On my website, I have two algorithms to personalize user experience. I’d like to know which is more effective, so I set up a simple A/B Test: when a new visitor comes to my site, I display version A half the time and version B the other half. If a given user has already seen one version, I continue displaying the same version to avoid mixing audiences. After one month, I check back for my results: 10% of visitors to site version A bought a product, compared to 7% of version B visitors.

Satisfied but cautious, I then decide to continue the test for a second month. Because version A worked better, I decide to change the proportions: each new site visitor now has an 80% chance of seeing version A, and a 20% chance of getting version B. As before, repeat visitors continue to see the same version. At the end of the month, I look at both versions’ overall performance: 9% conversion rate for version A and 10% for version B.

Any idea where the problem lies?

It’s the same as before! User history is the confounding variable. Recurring visitors who already know the brand naturally have a greater chance of conversion. In month 2, version A receives many new users (a tough break, as they’re harder to convert) and thus its performance decreases. But if we look at each version’s performance in terms of user history, we can see that version A still performs best.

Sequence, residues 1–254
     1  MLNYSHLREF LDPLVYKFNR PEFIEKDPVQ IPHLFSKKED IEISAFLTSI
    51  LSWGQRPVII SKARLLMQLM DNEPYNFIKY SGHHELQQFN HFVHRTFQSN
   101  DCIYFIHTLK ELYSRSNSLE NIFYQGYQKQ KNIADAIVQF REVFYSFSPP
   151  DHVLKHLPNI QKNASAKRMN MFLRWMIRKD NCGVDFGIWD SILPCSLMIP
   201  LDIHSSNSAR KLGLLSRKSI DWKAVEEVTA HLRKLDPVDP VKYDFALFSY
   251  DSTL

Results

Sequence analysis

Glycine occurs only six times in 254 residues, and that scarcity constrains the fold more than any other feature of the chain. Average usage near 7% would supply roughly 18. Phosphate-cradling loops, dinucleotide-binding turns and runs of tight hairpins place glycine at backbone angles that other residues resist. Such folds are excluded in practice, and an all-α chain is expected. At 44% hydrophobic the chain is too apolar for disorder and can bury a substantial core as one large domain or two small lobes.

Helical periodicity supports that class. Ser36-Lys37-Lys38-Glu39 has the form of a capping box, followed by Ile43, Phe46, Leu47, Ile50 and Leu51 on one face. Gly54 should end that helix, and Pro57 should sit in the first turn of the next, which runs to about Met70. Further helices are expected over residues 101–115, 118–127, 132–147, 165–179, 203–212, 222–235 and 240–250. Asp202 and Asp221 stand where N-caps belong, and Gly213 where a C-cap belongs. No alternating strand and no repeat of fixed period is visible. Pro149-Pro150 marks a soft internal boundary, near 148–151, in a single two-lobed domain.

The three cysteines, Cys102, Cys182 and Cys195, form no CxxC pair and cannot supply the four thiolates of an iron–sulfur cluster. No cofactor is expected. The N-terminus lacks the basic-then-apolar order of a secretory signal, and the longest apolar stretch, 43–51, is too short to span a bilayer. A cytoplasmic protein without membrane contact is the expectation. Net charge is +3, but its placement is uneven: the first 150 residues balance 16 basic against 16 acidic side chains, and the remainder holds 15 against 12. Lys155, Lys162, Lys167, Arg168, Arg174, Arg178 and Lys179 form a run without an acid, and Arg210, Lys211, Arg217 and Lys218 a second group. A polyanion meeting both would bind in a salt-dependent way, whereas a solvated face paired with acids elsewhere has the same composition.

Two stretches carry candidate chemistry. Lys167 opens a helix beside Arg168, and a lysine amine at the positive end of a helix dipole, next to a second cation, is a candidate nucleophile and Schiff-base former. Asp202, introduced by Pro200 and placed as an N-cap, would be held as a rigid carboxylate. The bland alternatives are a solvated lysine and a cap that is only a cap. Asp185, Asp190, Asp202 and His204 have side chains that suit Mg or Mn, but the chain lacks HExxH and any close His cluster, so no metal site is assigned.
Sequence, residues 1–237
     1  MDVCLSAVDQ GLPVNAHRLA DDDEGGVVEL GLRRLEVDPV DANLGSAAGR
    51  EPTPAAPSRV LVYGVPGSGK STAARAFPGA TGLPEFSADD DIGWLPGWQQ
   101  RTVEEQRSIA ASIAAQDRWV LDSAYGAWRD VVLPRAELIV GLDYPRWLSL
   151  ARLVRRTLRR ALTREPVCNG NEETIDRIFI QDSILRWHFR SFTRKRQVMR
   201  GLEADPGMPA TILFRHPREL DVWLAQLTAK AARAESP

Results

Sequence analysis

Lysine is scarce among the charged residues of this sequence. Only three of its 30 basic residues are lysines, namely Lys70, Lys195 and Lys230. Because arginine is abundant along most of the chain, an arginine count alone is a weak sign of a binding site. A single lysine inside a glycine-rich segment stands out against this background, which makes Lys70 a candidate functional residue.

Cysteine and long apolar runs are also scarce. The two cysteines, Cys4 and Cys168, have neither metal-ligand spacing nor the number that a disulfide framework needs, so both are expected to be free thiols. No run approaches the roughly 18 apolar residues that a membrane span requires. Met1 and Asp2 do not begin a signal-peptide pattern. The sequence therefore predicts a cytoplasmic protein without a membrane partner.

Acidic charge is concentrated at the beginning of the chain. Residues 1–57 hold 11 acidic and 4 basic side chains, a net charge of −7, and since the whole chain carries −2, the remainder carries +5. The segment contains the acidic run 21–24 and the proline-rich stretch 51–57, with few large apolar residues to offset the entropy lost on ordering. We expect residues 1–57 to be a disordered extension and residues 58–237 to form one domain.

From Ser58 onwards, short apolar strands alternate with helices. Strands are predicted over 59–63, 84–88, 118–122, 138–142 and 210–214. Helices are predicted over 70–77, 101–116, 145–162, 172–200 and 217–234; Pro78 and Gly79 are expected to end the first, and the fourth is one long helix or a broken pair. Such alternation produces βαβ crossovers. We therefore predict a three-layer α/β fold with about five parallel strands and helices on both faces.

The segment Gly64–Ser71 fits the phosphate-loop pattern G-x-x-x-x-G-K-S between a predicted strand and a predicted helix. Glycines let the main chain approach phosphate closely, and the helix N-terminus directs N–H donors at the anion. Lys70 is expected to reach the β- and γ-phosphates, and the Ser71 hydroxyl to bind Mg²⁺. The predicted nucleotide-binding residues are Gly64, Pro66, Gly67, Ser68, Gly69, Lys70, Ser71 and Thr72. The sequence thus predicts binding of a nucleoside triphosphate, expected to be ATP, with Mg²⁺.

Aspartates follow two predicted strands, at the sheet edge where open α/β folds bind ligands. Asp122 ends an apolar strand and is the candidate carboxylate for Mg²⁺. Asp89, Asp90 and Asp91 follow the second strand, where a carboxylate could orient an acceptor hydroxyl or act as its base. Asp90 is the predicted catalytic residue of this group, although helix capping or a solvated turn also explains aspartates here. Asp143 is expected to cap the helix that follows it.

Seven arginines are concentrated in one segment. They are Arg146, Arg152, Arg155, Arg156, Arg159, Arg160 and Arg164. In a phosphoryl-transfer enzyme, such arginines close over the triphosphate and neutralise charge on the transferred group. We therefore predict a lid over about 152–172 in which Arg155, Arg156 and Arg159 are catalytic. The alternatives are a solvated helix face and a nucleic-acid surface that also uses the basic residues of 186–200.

*Performance with new visitors*

*Performance with repeat visitors*

**The solution: be careful when choosing algorithm variables!**

To avoid these types of misinterpretations, you’ve got to have **profound business knowledge** on what you’re trying to measure. Make a list of all criteria that could affect the result, so that the data scientist can use this list to create as many variables as possible based on the criteria.